The Meaning of Christ’s Ascension
Olaudah Equiano – Waking Up Christians to the Evils of Slavery
John Chrysostom and Olympias – Finding Comfort in Troubled Times
Theological error and heresy constantly plagued the church during the life of the Apostle Paul, so it is no surprise that his final instructions to Timothy contain essential counsel on the right way to address error and heresy
If a believer, perhaps a pastor, has a conversation with someone who suspects they are transgender or experiences gender dysphoria, our first response should be compassion. Imagine waking up daily and thinking, “I have the wrong body.” If we are in a position to give counsel or advice, we should be “quick to listen, slow to speak” as James 1 says
There are many occasions when what seem like throwaway remarks from Jesus say far more than we may realise. One in particular is heard in our Lord’s exchange with the Canaanite woman in the region of Tyre and Sidon (Mt 15.21-28), where he tells her, ‘I was sent only to the lost sheep of the house of Israel.’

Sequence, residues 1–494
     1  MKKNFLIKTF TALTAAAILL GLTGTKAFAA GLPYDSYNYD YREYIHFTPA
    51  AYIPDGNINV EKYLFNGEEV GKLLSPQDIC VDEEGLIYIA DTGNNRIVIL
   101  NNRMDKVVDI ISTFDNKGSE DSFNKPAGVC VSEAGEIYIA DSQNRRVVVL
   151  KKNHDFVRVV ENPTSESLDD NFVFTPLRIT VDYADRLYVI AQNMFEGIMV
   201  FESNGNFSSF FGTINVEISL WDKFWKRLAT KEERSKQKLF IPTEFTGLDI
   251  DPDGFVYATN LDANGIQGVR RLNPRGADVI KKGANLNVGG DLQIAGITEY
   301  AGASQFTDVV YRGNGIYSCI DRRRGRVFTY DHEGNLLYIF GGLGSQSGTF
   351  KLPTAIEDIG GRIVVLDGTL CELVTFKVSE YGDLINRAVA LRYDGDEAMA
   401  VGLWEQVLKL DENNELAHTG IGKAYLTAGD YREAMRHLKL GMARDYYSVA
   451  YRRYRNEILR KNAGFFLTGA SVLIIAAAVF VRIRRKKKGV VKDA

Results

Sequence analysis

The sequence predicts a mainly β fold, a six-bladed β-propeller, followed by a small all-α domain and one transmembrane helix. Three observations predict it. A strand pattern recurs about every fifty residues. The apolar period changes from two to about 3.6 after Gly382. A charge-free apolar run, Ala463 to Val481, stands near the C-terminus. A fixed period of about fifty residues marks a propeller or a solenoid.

In the Northern Hemisphere, December is the darkest month of the year – a fact that gives added poignancy to the message of the incarnation and its centrality to the gospel. Intentionally or otherwise, when the church chose to adopt 25th December as the date on which to mark the birth of Christ, it happened to be in the darkest depths of Winter. In that context, perhaps more so than any other time of the year, the words of John about Christ’s being ‘the Light’ literally shine most brilliantly as the metaphor speaks into reality.
(Rev. 1:17, 18)
I once read a book about how to read good literature. The author made a clear assertion. He said a meal is never just a meal. Now, I am not a lit scholar. I don’t want to argue for the veracity or falsity of his claim. But I would say that the Lord’s Supper is never just a meal. The Lord’s Supper may be a small piece of bread and a little taste of wine but it is a theological feast meant to feed weary travelers not with a substantial eating but an eating done in faith.
The Psalmist certainly professes a great truth when he remarks “how good and pleasant it is when brothers dwell in unity.” But if we’re honest, this passage can often sound like an unattainable rhetorical ideal; not a commonly celebrated experience. Perfect unity within the body of Christ has got to be a reality relegated to future glory because why else would Paul constantly urge and command his Christian readers to “walk... with all humility and gentleness, with patience, bearing with one another in love, eager to maintain the unity of the Spirit in the bond of peace” (Ephesians 4:1-3).
Walking with God